Here’s what they had to say about “The Monkey’s Paw”
By Amy R. Handler
Be careful what you wish for, it may just plague you for the rest of your life— and very possibly, well beyond that. Filmmaker Ricky Lewis, Jr.’s 30-minute adaptation of W.W. Jacobs’ short story of 1902 may not be the first, or even the last, cinematic interpretation of this classic of the same name, but as horror films go, I think it’s the best.
For those who may not be aware of this frightening little gem, “The Monkey’s Paw” is a moral tale about the ramifications of greed. It’s a simple plot, really, with a tiny cast of characters. Three of these are family members: Mr. and Mrs. White (Josh Burns and Rosemary Gearheart)—and their 20-something son named Herbert (Matt Knudsen). The Whites live an ordinary, but contented, life in a small village in the English countryside. Herbert works at a nearby sawmill, where he adroitly handles dangerous machinery on a daily basis. One day the Whites are paid a rare visit by Mr. White’s old friend, Sgt. Major Morris (Robert Stilwell).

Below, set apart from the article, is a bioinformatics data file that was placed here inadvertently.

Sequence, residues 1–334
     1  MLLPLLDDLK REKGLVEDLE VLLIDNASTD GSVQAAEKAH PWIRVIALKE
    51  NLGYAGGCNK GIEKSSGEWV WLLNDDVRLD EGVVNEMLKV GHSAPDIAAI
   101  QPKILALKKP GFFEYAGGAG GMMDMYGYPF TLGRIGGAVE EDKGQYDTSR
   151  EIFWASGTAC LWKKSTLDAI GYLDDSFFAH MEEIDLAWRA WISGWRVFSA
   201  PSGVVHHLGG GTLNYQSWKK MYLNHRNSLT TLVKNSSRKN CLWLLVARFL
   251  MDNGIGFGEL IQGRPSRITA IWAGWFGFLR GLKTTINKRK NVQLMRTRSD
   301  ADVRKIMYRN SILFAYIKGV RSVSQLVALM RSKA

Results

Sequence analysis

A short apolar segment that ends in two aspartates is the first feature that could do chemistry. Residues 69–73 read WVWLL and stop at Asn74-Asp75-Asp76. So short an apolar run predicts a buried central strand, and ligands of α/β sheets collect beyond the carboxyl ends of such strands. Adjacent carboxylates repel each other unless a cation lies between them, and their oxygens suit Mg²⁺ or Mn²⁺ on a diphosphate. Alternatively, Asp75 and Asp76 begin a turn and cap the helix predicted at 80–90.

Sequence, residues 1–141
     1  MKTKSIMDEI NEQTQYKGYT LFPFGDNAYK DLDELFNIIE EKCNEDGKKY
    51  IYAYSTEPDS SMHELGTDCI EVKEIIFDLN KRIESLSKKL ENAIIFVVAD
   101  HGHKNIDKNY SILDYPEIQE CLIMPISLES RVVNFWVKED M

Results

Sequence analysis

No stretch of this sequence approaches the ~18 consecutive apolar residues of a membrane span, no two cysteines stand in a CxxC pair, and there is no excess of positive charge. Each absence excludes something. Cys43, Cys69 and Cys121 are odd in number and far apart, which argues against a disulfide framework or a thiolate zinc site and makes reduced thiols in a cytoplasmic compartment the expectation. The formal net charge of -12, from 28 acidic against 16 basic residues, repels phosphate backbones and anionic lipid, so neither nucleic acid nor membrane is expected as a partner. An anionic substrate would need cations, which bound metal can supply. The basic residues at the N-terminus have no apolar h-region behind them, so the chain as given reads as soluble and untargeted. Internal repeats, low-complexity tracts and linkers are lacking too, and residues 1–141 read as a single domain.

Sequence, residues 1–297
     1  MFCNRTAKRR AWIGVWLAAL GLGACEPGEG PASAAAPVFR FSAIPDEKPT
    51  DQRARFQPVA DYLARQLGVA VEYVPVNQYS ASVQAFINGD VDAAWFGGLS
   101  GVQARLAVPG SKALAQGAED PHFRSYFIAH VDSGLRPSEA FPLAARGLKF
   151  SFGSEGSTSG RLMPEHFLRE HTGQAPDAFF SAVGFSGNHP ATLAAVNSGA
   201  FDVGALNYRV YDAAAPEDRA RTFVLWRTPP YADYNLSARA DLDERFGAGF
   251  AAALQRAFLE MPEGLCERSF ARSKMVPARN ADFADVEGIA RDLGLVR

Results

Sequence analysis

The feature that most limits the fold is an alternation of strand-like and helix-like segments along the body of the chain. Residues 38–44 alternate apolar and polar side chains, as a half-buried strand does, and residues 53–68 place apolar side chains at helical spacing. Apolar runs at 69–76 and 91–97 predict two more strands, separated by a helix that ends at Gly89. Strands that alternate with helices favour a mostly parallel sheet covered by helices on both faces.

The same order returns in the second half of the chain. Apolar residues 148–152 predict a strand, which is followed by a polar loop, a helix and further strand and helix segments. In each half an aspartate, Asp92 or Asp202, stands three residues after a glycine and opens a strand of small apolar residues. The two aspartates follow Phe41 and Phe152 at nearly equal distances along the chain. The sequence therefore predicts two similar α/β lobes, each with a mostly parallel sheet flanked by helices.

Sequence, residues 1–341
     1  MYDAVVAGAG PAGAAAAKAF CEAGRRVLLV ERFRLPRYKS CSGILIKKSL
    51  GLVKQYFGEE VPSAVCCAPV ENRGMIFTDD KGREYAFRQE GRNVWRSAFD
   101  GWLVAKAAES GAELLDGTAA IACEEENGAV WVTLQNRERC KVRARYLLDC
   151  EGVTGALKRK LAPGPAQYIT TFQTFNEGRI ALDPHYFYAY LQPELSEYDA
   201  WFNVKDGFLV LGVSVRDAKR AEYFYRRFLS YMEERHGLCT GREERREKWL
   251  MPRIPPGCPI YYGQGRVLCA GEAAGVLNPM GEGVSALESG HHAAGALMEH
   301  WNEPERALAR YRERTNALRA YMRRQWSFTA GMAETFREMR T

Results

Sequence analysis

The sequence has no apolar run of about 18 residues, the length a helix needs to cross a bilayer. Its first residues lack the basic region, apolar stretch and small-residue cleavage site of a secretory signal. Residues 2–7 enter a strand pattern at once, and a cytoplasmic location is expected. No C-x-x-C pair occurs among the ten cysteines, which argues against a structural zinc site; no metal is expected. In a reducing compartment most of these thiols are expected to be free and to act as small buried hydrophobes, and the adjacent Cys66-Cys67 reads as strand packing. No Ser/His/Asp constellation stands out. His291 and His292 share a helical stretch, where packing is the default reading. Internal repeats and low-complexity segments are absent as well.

Once part of the British Army situated in India, Morris is every bit exciting as Mr. White is mundane— replete with the legends of far off lands, and the superstitions of mysterious faqirs. It is when the macabre Sgt. Major warily surrenders an extraordinary relic to Mr. White— namely, a mummified monkey’s paw empowered to grant three wishes—that the lives of White and his family are forever changed.
What makes Lewis, Jr’s screen adaptation so brilliant is the film’s escalating suspense and the encrypted, psychological studies of every principal and minor character within. Juxtaposing these are the multi-talented filmmaker’s magnificent cinematic landscapes and an original score that would make the great Bernard Herrmann proud. All I can say is please find a way to see this rendition of “The Monkey’s Paw” as soon as possible. It will definitely cause you to think twice before you wish for that special something, or someone, ever again.